He spotted a ﬁgure at the side of the road with his thumb out. It was not a good night for hitchhiking. He must have been quite desperate to get where he was going. The doctor signaled and pulled over. ‘Where are you going?’ asked the doctor.
“I’m going to my aunt Jemima’s. That’s north”. The hitchhiker climbed in. He was young and had wild red hair and a thick beard.
‘Awful night, eh?” said the doctor.
‘Yes. Yes, it is.’
They drove on in silence for a short while. The BBC radio phone-in blaring out from the car’s speakers ﬁlled in for conversation. They listened to the radio and their own thoughts as they moved on.
The doctor tapped the steering wheel nervously. The hitchhiker stared at him in his scrubs and lab coat. His own parka and t-shirt looked scruffy
The radio show carried on as they drove. The hitchhiker shifted in his seat and stared out the windscreen.
‘Is there music we could listen to? It calms me down.’
The doctor said nothing.
Suddenly there was a news bulletin on the radio.
‘We are getting reports that a patient has escaped from a nearby psychiatric institution. The man is said to be psychopathic and has a history of murder.’
The hitchhiker jabbed a finger on the button on the radio panel. Tinny pop music blurted out from the speakers. The doctor stared at his passenger, his question unasked.
‘I hate the news.’ answered the hitchhiker. ‘It’s depressing.
They drove on. The rain pounded on the car.
‘What do you do for a living?’ asked the doctor.
The hitchhiker was quiet for a moment.
‘I’m a writer.’
‘Have you had anything published?’
‘No. I’m an undiscovered artist.’
‘What are you working on?’
‘I’m writing a novel. It’s about a serial killer.’
The doctor didn’t speak. He flicked the radio station back on.
They drove on through the storm down the snaking lanes.
An hour later. The storm still raging. The hitchhiker looked out the window.
Another news bulletin came over the radio.
‘We’re getting more information on the patient. His name is Simon Hughes. He escaped earlier this evening. He is extremely dangerous and completely unpredictable. He made his escape by changing from his hospital issued uniform into a doctor’s uniform and pretending to be one of the medical staff. He stole a car and drove off.’
The hitchhiker turned to the doctor.
‘What did you say your name was?’
‘ I never said my name.’
Panicked, the hitchhiker glanced down at the doctor’s feet and noticed something he hadn’t before.
A crumpled patient’s robe, and a knife.
They call him “The Woodsman”. A mysterious man, he is the guardian of the woods and any creature that stumbles into them. The Woodsman is a caring individual. This can easily be proved by all that he did to protect and guide one child, let alone all the children that he’s done the same for over the years. The Woodsman did so much to help and teach David through the short time that they were together, Although he was a somewhat daunting figure at first, he quickly proved himself as a trustworthy defender.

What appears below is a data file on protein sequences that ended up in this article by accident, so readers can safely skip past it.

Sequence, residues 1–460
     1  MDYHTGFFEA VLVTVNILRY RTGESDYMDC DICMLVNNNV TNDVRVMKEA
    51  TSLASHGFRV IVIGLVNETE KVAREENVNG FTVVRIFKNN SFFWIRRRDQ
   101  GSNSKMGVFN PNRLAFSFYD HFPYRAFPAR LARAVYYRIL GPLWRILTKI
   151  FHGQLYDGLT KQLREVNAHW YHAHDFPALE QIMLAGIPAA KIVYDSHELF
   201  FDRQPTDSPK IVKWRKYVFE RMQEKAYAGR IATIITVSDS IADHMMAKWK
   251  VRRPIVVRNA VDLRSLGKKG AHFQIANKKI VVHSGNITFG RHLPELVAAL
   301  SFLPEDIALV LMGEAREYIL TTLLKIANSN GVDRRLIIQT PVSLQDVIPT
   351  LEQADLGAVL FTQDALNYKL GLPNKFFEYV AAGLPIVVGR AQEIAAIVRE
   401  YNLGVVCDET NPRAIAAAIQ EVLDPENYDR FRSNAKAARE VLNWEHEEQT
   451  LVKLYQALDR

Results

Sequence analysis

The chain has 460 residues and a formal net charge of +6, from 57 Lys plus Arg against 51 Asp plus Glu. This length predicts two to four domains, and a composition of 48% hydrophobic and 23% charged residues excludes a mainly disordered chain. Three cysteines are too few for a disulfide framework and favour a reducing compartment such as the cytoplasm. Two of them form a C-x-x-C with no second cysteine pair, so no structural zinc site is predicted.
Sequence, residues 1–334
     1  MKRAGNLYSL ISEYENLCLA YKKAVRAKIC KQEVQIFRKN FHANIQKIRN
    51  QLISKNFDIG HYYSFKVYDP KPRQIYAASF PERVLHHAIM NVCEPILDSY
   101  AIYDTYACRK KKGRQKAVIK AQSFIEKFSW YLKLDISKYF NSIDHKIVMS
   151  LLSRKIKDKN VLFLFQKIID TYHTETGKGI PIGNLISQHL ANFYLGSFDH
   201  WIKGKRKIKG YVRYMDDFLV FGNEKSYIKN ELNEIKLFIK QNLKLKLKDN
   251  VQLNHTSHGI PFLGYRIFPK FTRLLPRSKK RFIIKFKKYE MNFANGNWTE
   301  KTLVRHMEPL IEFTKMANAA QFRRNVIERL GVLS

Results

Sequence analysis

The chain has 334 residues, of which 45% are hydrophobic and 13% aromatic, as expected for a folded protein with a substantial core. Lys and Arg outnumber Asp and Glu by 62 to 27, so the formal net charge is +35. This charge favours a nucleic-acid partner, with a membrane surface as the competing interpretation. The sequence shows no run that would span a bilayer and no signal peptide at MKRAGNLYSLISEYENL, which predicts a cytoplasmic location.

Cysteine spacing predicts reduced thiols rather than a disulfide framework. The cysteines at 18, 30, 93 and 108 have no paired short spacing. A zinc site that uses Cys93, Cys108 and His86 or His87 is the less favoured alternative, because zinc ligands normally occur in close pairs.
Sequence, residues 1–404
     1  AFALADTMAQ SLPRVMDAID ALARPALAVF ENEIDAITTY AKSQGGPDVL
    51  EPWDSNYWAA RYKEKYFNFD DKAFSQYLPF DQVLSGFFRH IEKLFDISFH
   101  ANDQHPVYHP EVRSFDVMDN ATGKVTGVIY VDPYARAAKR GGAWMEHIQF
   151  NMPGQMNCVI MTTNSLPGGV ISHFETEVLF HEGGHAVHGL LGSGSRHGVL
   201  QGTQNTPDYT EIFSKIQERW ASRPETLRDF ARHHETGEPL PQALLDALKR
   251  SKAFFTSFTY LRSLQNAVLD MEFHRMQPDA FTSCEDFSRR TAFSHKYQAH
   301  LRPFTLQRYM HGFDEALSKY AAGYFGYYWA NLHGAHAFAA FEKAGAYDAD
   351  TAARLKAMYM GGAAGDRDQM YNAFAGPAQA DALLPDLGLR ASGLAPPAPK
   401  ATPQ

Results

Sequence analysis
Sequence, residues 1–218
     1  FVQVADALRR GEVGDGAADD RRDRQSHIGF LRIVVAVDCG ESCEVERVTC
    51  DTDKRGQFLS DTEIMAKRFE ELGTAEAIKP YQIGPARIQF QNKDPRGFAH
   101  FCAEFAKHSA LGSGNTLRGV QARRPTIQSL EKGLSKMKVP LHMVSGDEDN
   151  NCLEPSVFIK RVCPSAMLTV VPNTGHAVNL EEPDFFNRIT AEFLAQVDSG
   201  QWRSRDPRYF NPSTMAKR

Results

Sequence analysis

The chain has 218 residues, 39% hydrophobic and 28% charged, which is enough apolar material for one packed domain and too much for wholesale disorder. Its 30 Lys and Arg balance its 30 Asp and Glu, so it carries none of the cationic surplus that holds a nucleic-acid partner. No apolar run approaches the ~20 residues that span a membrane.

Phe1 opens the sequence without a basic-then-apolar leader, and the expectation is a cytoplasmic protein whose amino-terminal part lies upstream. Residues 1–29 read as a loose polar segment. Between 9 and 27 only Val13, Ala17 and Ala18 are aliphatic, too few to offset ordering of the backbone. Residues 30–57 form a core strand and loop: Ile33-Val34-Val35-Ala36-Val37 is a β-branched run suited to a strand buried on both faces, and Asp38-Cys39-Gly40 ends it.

The Woodsman would do anything to guard David or any helpless child that might make the fatal mistake of entering his forest. He protected David from the creatures of his nightmares, particularly the loups, and provided David with food and shelter from his cottage in the woods. He proved to David just how much he cared not long after they met.: “You have nothing to fear from me, but there are other creatures that we both have reason to fear. Come now.” said The Woodsman (Page 61). As the night approached, David and the Woodsman retreated to the cottage, hurrying to escape the creatures of the night. They were caught by the Loups just outside the Woodman’s door, but the Woodsman held them off, even killing one to protect David (Page 67) as he retreated to safety in the cottage. This definitely proved that The Woodsman cared about David, and brought him closer to the boy. He continued to care for David in every way possible from then on.
The Woodsman had a very distinct appearance. It could have been his large, strong figure, his animal skin coat, or the shiny axe that he carried that made him stand out so much, but
he part of him that probably stood out the most though was probably how he was described in the book as “a part of the forest itself in human form” (Page 58). Though his appearance may have been somewhat frightening at first, and he looked as mysterious as he acted, David came to know the more-fatherly and protective side of him.